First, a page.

This is what pluralism is. The right for ALL people to coexist peacefully. Marriage from couple to couple is not the same. A marriage is more akin to a book, each with the potential to have vastly different content… and like a book we all have the right to endorse it or not.

      • Just One Voice

        Haha, yeah nothing new. Like I said, no problems until LGBTs have to hear or see our beliefs expressed. Only then, are we basically hardened criminals.

        So, tell me Phoenix, would you have willingly joined the USSR, or other similar regime? Only one belief system allowed?

        Yeah I’m hoping, but honestly, not counting on freedom either. But that’s okay. A much better life awaits me on the other side of death.

        • Phoenix1977

          “Only then, are we basically hardened criminals”
          Not only then. If you review your religion’s (recent) history on dealing with LGBTs you will find some truly criminal things there as well.

          “Only one belief system allowed?”
          You have me confused, apparently. I have no problem with your believes. I have a problem with them being in the public square. As long as people keep their believes out of my sight, in their houses of worship and their own homes, I’m fine with them. But religion should be kept from the public square, workplace or courts of law entirely. It should have no place there. Luckily, in my country it doesn’t have a place there.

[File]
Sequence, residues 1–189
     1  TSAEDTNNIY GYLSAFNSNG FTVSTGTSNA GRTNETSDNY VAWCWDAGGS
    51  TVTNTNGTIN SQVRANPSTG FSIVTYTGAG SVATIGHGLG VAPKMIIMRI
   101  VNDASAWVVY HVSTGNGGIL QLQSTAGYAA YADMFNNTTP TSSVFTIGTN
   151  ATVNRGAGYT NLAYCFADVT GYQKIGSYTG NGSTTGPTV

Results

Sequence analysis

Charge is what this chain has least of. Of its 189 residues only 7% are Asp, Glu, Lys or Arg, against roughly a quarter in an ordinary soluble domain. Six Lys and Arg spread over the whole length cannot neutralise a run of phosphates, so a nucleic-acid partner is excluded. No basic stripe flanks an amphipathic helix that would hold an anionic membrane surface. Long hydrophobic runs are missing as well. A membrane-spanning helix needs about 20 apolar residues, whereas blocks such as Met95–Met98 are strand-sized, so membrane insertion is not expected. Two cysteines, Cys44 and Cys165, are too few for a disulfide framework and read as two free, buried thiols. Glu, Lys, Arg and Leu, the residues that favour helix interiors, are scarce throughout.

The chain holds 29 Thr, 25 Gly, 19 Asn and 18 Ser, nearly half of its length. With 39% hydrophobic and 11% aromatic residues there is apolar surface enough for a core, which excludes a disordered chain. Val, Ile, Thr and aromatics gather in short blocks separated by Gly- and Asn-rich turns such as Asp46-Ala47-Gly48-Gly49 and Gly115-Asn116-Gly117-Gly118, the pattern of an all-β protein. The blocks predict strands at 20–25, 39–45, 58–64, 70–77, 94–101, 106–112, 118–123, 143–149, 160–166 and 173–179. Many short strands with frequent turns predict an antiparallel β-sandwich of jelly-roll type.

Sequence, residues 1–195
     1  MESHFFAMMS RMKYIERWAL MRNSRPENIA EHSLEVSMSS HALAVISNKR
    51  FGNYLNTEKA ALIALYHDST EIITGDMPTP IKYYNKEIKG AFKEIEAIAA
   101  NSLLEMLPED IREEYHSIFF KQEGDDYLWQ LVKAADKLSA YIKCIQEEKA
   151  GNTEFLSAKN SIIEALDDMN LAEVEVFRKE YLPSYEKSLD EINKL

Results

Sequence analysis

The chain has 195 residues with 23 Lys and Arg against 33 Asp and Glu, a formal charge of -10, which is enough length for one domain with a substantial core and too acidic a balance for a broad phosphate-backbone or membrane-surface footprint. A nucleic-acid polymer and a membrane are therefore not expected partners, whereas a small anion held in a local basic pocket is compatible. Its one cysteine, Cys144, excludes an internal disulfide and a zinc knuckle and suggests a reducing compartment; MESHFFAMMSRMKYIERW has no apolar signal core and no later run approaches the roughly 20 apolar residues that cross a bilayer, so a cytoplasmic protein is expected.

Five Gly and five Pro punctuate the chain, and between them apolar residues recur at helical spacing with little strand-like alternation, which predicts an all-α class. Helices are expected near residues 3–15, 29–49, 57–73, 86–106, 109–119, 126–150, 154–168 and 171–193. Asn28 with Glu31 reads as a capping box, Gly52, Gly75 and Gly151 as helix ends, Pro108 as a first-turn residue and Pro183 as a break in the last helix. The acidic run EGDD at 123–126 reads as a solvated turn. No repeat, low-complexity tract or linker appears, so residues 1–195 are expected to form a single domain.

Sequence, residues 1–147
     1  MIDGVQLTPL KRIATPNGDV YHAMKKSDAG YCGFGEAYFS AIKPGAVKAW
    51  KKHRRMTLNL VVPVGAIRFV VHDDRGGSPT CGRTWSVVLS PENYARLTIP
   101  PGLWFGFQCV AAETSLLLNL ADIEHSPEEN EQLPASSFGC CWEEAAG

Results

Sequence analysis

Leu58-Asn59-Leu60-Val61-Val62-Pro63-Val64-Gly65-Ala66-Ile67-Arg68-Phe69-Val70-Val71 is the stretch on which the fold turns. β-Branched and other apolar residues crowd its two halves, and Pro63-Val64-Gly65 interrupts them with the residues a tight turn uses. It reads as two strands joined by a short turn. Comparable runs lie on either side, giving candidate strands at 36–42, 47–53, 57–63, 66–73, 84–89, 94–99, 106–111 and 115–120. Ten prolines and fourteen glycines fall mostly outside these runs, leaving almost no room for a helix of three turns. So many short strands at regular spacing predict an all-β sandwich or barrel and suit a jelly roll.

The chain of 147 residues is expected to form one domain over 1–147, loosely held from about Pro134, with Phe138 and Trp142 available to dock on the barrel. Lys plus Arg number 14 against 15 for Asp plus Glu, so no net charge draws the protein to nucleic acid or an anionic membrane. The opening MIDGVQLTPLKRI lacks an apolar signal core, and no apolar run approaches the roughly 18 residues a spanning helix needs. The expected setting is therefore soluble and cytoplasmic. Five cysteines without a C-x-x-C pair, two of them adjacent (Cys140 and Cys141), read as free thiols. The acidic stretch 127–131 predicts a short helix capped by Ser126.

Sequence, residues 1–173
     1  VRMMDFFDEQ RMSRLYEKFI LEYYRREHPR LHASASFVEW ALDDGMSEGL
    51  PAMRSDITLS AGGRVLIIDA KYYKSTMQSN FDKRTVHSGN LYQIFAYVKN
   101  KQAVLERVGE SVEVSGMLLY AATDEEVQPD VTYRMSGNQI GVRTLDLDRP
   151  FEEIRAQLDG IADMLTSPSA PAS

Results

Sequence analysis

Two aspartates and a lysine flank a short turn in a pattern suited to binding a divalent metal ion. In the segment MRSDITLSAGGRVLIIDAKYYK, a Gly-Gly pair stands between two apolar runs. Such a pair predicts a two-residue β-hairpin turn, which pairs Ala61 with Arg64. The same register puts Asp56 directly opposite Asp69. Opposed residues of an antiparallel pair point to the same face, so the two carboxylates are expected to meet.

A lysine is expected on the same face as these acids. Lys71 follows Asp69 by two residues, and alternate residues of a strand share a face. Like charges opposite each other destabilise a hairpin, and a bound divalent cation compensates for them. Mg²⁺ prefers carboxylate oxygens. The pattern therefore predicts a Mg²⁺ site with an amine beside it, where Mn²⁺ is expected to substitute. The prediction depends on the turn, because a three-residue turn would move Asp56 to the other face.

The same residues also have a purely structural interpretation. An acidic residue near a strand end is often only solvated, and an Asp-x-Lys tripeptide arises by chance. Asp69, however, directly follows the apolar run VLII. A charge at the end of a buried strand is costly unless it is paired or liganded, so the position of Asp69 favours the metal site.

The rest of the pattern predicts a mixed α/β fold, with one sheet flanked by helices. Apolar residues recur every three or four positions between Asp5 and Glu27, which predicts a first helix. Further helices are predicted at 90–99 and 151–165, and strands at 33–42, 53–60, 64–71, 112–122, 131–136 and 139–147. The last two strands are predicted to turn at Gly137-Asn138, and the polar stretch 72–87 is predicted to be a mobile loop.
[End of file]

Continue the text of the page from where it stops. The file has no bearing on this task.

• Just One Voice

            Ah, thanks for clarifying that point about how you see the boundaries of religion.

            I mis-worded when I said “not only then.” I didn’t mean that’s the only time criminal things have done under the name of Christianity. I’m fully aware there’s plenty of acts & expressions that are truly violent being done by so-called “Christians.”

            Let me say it slightly different. What I meant was, LGBTs seem to have no problems at all with Christians, until they have to hear or see the Christian faith proclaimed in any way whatsoever. At that point, we become just as bad as the violent criminals; even if we’re trying to do it peacefully & lovingly.

            No need to answer if you don’t want to. I won’t be coming back to this thread. Just beating an already dead animal at this point.

  • Phoenix1977

    There is one thing not mentioned in this article. Justice Kennedy might not be a swing vote in these cases anymore. Justice Gorsuch has always proved to be a champion for LGBT rights during his professional and personal life. So perhaps the LGBT camp already has it’s 5 required votes …

    • Steve

      I thought this was about justice and the Constitution, not one camp or the other.
      If you compel one group of people to do, speak, act against their conscience then you can compel all people to do that.

      • Phoenix1977

        “If you compel one group of people to do, speak, act against their conscience then you can compel all people to do that.”